It’s been a while!


  • Bob Lynch reports out on the recent activities of the US Travel & Tourism Advisory Board.
  • Americans for the Arts was out in force at the Republican national convention, organizing a panel with a Mesa mayor who skipped his own election to be there (he was running unopposed), former presidential candidate Mike Huckabee, and, uh, “jazz musician” Bernie Williams.
  • Future of Music Coalition legal intern Joseph Silver looks into how the first sale doctrine, which affords consumers the right to lend or resell copyrighted works they lawfully purchase, is adapting to the digital age.
  • Shannon Litzenberger reflects on her two years as the first ever Metcalf Arts Policy Fellow and describes five models for fundraising and “friendraising” for the arts from the US, Canada, and Australia.
  • The Economist hosted a weeklong debate on the topic of “Should government fund the arts?” Such debates pop up at least once a year (I participated in one in May), but this one is notable for its distinctively English flavor and also for a guest appearance by Adam Huttler on day 4.
  • Jo Mangan has a substantive report from the first-ever International Culture Summit in Edinburgh.
  • Did you know that the mayor of Reykjavik, Iceland is a comedian? As in, a real comedian, not a career politician who does some stand-up on the side?


  • RIP Louise Nippert, heiress (by marriage) of Proctor & Gamble fortune who gave many millions of dollars to the arts in the Cincinnati region over her lifetime.
  • Congratulations to Jennifer Ford Reedy, the new president of the Minnesota-based Bush Foundation (no relation to the two US Presidents). Reedy had been chief of staff and vice president of strategy for Minnesota Philanthropy Partners.
  • …and to Carolyn Ramo, new executive director of Artadia: The Fund for Art and Dialogue.
  • Sadly, arts philanthropy has lost a rising young star in Deepa Gupta, who jumps from program officer for the MacArthur Foundation to director of education initiatives and strategy for the Boeing Company in Chicago. Great news for Deepa, though, and perhaps there will be opportunities for her to be a voice for the arts in her new role.


  • Boston’s public television station WGBH has acquired Public Radio International, which produces Ira Glass’s “This American Life” among other programs.
  • It’s apparently contract renegotiation season, and the orchestra world is absolutely filled with stories of hardball negotiations between musicians and management. Witness: the St. Paul Chamber Orchestra, previously lionized in these pixels for its innovative marketing, slapped musicians with a proposal for 57%-67% cuts (subsequently moderated); the Indianapolis Symphony proposes to cut wages by 45%; the Minnesota Orchestra might be headed for a lockout after offering musicians a 34% cut; San Antonio is on the brink; Philadelphia may be out of bankruptcy, but is not out of the woods. Meanwhile, perhaps inspired by their teacher compatriots, the Chicago Symphony musicians went on strike for three days even though they were offered an increase in base pay in their new contract, because it came with a corresponding increase in health care costs. The CSO players are among the best-compensated in the country. And even museum workers are getting into the act, with employees of San Francisco’s DeYoung Museum and Legion of Honor trotting out the ol’ inflatable rat in front of the grounds. Diane Ragsdale wants to know why can’t we all just get along? Well, I like this approach: the Atlanta Symphony musicians said sure, we’ll take a pay cut, as long as you administrators take one too. And here’s a novel idea: the Milwaukee Symphony just hired its principal trumpeter – and union representative – as its new chief executive.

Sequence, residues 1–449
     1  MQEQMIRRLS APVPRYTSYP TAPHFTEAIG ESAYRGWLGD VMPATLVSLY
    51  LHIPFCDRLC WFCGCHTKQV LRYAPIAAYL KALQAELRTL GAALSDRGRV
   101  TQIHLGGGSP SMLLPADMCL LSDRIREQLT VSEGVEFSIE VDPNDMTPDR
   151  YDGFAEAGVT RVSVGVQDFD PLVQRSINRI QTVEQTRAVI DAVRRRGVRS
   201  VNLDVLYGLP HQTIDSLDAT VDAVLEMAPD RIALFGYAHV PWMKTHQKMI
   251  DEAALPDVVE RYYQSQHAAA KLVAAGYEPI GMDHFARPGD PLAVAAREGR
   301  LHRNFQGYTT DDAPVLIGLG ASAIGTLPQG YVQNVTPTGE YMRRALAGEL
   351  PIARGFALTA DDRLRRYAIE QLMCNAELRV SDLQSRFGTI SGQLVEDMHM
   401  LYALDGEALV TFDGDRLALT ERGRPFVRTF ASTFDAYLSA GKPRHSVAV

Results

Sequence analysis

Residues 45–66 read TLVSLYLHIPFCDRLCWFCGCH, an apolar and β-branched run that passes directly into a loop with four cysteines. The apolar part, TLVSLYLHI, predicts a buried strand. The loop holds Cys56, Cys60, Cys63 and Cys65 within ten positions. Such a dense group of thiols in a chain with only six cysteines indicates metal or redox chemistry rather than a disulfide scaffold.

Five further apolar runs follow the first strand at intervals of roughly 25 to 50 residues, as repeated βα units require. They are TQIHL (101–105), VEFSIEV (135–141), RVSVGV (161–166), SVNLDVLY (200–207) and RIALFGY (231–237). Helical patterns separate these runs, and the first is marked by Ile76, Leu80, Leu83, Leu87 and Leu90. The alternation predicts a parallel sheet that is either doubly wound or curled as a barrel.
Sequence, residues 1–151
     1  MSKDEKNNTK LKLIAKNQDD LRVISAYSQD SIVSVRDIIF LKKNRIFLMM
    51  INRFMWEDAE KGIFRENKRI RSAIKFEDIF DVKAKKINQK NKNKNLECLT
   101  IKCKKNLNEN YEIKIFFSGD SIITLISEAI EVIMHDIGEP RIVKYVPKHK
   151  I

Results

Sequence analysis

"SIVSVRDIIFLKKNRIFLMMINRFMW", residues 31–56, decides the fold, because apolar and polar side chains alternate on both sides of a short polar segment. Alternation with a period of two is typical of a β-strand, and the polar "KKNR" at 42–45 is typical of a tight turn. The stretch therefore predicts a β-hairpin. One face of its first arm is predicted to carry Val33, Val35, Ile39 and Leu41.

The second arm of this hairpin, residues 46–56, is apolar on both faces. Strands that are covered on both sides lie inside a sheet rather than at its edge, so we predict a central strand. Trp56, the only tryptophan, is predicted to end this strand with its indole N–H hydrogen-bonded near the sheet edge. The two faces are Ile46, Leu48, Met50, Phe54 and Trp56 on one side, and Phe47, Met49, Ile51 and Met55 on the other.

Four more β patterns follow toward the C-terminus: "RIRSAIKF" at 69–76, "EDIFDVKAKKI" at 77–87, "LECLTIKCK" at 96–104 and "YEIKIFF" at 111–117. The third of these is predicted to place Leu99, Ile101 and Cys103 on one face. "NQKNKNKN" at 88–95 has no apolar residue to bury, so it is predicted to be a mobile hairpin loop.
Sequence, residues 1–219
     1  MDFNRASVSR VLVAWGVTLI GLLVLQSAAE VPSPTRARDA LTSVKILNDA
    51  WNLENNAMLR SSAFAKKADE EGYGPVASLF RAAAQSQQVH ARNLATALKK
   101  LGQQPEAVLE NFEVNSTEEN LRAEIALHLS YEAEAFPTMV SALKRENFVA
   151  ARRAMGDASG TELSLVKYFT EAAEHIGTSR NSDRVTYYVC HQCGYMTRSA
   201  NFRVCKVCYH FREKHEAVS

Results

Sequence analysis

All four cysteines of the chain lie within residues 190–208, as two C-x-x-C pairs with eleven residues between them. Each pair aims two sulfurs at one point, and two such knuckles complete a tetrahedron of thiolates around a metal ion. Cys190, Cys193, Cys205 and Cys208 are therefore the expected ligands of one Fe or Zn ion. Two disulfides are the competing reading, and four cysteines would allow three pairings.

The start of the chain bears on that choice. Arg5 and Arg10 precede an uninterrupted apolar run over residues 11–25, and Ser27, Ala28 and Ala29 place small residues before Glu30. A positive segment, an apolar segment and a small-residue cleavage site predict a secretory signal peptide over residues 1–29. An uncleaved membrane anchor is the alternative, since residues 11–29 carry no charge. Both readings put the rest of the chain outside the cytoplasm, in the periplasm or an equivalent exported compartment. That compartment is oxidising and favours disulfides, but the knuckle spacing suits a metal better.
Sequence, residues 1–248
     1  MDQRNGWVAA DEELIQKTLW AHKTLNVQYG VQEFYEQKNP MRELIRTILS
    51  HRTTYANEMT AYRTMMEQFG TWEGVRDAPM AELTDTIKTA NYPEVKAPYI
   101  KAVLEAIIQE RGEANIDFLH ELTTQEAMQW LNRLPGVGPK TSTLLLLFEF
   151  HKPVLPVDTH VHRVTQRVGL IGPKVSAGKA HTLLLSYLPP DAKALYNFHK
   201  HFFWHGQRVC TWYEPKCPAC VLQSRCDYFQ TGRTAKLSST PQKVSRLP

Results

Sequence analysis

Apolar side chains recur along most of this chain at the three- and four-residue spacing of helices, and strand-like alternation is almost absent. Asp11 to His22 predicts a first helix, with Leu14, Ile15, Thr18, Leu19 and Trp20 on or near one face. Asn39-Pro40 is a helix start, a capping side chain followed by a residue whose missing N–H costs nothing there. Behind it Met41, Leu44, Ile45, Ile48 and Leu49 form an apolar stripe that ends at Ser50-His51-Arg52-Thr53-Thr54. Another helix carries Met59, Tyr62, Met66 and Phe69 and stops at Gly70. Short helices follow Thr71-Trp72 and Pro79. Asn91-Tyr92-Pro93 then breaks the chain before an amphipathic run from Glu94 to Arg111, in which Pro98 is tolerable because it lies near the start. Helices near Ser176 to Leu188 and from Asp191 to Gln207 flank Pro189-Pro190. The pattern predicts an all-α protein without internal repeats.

• For-profit NYC rock venue takes to crowdfunding site, builds audience, avoids bankruptcy. Indie bookstore in Palo Alto converts to hybrid corporate form, raises nearly $1 million. (part 1part 2part 3) Are artists and nonprofits about to get a whole lot of fundraising competition from well-loved businesses that can no longer pay the bills?



  • Here’s some more reaction to the new research report on cultural facilities, “Set in Stone,” from Joe Patti (and again) and Janet Brown.
  • Keith Sawyer has another (very lucid) take on last week’s NEA “How Art Works” convening and the accompanying system map.


  • Starting next year in Kansas City, Google will offer super high speed internet for about what you’re paying Time Warner or Comcast – and basic internet for free.
  • I’m sometimes characterized as a “numbers guy” in the arts, but the reality is that I rarely find myself performing mathematical operations more complex than arithmetic. That being the case, I can get on board with this:

    ”Why do 50 percent (probably closer to 70%) of engineering and science practitioners seldom, if ever, use mathematics above the elementary algebra/trigonometry level in their practice?” If algebra is the limit for most engineering and science professionals, why does a typical citizen need algebra? As Hacker says, much more useful than algebra is quantitative literacy: being able to estimate, judge the reasonableness of numbers, and thereby detect bullshit. Our world offers plenty of practice.

    …and here’s more from Dr. Mahan, on long division:

    I’ll illustrate with an actual example of division. For my environmental-protection lawsuit, now in the Massachusetts Supreme Court, I needed to divide 142,500 by 4655. Here is the long-division calculation, my first use of the method in 30 years: [snip] The calculation took me a few minutes with paper and pencil, some of the time to reconstruct the algorithm details and to get the bookkeeping straight — even though I already knew the answer quite accurately. I knew the answer because I had already applied a more enjoyable method: skillful lying.